I have a question regarding licensing. There is one question that asks essentially the same thing, however, I'm not satisfied with the answers given. Can you help me refining my questions so that I can ask it and get all my points addressed without posting a duplicate?

This is existing question: License violation within git history . My situation is very similar, except that I neglected to put license headers in the first revisions and I'm wondering if these older revisions will essentially be unlicensed once I set my project to public.

All answers in the existing question hinge on manipulating the code base (by leaving out files or manipulating the blob). That will always be possible and has no bearing on my question: In these cases the author published a correct version and another person manipulated it. In my scenario, the bona-fide as-published version does not have a license (or violates the license in the case of the existing question).

I think the core question is: Does an old (not-tagged) revision count as a stand-alone publication which needs a license or can a user be required to take an actual release into account? The ground rule is: A published version needs a license in every source file or it is not licensed. Does a revision in the VCS count as publication in that sense or only revisions tagged for release?

3 Answers 3


Honestly, Jann, it looks like I was wrong, and nobody particularly cares. You've bent over backwards to try to do this right, much more so than the usual low-rep question author, for which I thank you. I think you should just go ahead and write your question how you want to write it. If you can incorporate any of the advice given here, so much the better.


If your original question (https://opensource.stackexchange.com/questions/10005/do-i-need-license-notifications-already-in-the-first-version-available-in-my-ver, now deleted) concerns code written by others that you included in your repository without the required license indications, then it is very much a duplicate of the question you (and MadHatter in the comments on the original question) mentioned.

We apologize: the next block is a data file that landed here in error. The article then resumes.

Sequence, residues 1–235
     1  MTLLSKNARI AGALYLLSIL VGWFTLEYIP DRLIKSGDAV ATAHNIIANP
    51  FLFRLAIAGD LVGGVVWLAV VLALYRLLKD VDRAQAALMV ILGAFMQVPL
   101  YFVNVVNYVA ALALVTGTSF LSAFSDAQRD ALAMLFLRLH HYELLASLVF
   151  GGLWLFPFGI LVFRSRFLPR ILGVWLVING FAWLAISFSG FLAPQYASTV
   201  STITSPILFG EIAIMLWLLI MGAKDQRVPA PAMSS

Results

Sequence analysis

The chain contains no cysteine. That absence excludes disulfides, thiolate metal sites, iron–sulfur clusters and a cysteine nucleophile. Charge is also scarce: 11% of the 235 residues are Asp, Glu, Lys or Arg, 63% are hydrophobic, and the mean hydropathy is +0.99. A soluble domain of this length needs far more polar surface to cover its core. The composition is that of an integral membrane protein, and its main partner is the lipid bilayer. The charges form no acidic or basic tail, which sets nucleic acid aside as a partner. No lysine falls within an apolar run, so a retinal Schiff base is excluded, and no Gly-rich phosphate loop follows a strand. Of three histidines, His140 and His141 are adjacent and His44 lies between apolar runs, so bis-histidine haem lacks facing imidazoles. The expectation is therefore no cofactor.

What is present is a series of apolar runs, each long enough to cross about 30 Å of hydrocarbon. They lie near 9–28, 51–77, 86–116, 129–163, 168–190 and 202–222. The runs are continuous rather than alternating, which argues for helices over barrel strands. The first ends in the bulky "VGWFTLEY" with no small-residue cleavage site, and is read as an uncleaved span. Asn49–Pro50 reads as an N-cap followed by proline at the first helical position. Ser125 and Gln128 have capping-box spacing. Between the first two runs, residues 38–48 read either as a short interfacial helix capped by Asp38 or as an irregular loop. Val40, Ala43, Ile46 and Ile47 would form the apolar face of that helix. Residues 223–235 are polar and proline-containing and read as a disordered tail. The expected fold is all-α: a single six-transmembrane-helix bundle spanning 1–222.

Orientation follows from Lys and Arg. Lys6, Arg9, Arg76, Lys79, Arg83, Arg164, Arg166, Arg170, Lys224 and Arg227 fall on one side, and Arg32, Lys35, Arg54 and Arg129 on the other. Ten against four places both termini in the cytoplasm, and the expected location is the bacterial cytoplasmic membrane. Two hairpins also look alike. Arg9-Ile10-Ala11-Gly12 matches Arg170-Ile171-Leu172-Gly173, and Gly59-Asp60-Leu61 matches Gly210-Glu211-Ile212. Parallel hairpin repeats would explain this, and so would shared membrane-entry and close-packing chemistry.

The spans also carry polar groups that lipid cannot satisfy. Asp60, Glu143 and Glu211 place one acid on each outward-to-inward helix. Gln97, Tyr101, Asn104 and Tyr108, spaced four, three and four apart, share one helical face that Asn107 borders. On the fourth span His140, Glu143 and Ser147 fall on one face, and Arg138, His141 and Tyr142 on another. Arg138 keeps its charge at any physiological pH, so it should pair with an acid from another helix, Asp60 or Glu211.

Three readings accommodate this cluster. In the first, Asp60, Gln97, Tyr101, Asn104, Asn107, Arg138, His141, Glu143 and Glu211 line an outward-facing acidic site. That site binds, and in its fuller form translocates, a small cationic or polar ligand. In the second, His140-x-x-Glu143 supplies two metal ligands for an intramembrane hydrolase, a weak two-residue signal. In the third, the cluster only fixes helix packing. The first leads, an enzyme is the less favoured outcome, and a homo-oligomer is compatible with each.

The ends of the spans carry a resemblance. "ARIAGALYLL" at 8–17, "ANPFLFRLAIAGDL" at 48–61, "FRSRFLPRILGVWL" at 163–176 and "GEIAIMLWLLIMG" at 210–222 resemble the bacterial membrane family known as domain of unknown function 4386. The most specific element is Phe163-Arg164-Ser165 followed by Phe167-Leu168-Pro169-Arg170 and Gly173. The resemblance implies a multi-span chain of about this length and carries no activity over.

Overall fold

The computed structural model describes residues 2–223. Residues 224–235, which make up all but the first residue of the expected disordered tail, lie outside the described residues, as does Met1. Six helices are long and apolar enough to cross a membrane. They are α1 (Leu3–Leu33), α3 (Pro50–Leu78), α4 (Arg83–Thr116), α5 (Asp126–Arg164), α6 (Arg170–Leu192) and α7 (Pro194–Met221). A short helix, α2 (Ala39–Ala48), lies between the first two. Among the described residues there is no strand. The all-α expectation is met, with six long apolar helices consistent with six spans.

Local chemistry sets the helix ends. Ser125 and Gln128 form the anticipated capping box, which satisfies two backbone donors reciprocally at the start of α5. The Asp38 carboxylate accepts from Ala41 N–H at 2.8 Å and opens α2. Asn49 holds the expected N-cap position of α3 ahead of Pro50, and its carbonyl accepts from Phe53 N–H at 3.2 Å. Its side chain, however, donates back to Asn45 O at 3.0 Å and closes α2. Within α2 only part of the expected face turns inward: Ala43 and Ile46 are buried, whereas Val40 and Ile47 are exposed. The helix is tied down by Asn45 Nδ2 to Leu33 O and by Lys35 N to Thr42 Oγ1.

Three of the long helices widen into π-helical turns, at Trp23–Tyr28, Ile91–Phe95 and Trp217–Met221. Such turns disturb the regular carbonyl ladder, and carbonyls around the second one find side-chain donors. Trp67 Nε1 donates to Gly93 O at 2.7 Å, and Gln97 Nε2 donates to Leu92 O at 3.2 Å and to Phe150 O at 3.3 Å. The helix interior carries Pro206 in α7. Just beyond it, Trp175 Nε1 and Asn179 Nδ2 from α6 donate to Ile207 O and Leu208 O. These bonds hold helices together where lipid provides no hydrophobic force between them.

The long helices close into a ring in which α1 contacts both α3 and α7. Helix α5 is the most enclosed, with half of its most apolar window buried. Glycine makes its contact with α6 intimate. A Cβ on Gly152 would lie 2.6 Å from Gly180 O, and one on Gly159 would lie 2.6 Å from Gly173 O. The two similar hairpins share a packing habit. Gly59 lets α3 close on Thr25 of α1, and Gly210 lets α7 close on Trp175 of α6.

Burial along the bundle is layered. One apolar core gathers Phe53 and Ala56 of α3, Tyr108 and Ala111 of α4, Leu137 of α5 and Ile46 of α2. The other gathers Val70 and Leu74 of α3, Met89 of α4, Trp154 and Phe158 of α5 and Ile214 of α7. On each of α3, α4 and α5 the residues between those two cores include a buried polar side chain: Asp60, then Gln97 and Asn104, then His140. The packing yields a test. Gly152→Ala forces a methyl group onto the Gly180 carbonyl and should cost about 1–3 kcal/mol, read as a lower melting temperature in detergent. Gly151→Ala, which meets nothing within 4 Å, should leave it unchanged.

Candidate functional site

However, if this concerns only code written (and owned) by yourself, then it would be sufficient to mention that and it is no longer a duplicate.

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    I disagree with your second paragraph. The core question is if past revisions in a public repo have to comply with the same rules we apply to released software, be it "No license violations" (in the potential duplicate question) or "Must have proper license notice" (in my case). Jun 16, 2020 at 13:29
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    @JannPoppinga: You might want to review this question: opensource.stackexchange.com/questions/233/…. Unlicensed code gives others very few rights. Jun 16, 2020 at 13:50
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    Thanks, that was helpful. However, that doesn't cover exclusion of warranty if I'm not mistaken. Also, github's TOS state that if I don't add a license, it defaults to certain terms (section D.5). I don't know how this "default licensing" relates to copyrighting. Does "default licsensing" supersede copyright like explicit licensing does? (In Germany e.g. I cannot legally copyright my work as public domain, but I can BSD-license it, which remove some of the rights I would have under copyright.) Jun 16, 2020 at 14:22
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    I've been holding back to see what others said, but I think Bart has put his finger on a very important issue, which I'd missed: is this all your own code? Because if it is, then there aren't any licence obligations on you, so you can't violate them, and the question indeed then falls back to "I accidentally released some of my code, on github, without a licence, what rights (if any) do others have with respect to it?". I think that issue definitely needs clarifying.
    – MadHatter Mod
    Jun 16, 2020 at 15:04
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    @JannPoppinga, a comment thread on meta isn't the right place to answer that, but they are valid concerns to include in your question on the main site. (and I don't think it is addressed yet in an existing question). Jun 17, 2020 at 5:25

You can post this question as it is. Simply link to the other question and include the same explanation you gave here of why you're not satisfied with existing answers - that's enough that the questions are not duplicates of one another.

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